Download Vietnam Syndrome: Impact on US Foreign Policy by Geoff Simons PDF

By Geoff Simons

Historians and political analysts argue complete realizing of the "Vietnam Syndrome" calls for a formal appreciation of the most important parts in Vietnamese and American background. The complicated results for the us of the yank defeat and humiliation within the Vietnam battle and its effects for next U.S. international coverage are explored right here, with comparisons of U.S. involvement in El Salvador and Iraq.

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Thousands of Guatemalans had been killed by the pro-US regime, as well as (by 1971) several North Americans having died in the mounting conflict. As with Vietnam, the US understanding of the war was 'misconceived, misinformed and mistaken, with the resulting interference ... serving only to exacerbate' the problem. A cited Rockefeller report (1969) recommended f See Geoff Simons, Cuba: From Conquistador to Castro (Macmillan, 1996). The Melvilles incurred the displeasure of the Church by supporting Guatemalan land reform and by marrying.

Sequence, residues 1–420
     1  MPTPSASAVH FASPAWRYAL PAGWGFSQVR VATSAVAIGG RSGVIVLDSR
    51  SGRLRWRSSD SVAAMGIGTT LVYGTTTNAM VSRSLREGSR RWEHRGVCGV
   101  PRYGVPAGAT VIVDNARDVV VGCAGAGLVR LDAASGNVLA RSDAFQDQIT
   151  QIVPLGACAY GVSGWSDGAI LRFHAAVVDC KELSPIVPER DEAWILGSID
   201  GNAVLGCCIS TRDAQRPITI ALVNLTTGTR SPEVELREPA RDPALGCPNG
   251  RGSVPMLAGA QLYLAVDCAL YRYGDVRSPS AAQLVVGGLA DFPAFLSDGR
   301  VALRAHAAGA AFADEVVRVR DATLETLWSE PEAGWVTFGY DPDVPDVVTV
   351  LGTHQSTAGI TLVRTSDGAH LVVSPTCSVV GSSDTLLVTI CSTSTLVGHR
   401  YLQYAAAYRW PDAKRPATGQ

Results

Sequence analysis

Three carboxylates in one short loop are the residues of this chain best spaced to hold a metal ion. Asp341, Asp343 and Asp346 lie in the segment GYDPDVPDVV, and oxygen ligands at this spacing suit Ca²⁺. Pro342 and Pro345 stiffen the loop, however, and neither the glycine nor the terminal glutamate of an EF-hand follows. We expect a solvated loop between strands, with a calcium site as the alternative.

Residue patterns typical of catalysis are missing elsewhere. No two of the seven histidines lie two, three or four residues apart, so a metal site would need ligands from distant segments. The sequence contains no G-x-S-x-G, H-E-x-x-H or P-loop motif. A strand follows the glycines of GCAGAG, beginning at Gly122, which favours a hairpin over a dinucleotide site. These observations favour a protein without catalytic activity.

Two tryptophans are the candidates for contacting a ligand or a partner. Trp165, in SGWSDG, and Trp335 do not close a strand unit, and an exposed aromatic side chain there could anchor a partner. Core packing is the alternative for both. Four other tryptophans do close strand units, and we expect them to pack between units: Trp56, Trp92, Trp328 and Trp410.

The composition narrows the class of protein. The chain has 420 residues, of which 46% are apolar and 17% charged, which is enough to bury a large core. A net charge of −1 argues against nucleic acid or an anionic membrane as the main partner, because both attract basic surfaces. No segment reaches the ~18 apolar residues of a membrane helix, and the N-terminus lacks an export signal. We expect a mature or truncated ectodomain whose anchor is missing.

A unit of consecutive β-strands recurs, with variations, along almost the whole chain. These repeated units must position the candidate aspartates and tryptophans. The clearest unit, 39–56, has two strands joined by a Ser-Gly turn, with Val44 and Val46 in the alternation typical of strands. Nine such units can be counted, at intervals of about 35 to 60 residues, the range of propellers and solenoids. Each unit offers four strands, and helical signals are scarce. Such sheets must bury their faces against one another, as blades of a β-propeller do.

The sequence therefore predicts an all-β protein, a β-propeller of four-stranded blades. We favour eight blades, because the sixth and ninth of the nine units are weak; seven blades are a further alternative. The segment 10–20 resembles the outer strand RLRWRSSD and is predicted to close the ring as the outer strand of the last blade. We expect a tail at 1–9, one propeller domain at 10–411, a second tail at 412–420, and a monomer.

The President and Congress should join together in an effort to remove these self-defeating restrictions ... \ 7 7 The War Powers Act and the other associated pieces of legislation were not the only institutional outgrowths of the Vietnam Syndrome. In addition, conscription was abolished in favour of all-volunteer armed forces; some covert CIA operations were restricted, while the lowintensity warfare option was encouraged; and pragmatic alliances with surrogate 'policemen' ('gangsters', 'vigilantes') - such as Israel, Iran (under the Shah) and South Korea (under various military regimes) - were fostered.

Thus H. Norman Schwarzkopf, later to earn distinction for the comprehensive slaughter of Arabs, claimed with hindsight to know how America was being harmed by its Vietnam The Shaping of a Syndrome 1 involvement: T hated what Vietnam was doing to the United States and I hated what it was doing to the army. . We in the military hadn't chosen the enemy or written the orders - our elected leaders had. Nevertheless, we were taking much of the blame. ' Here there was no reflection on why the war was being fought: it was enough that the American public were disenchanted.

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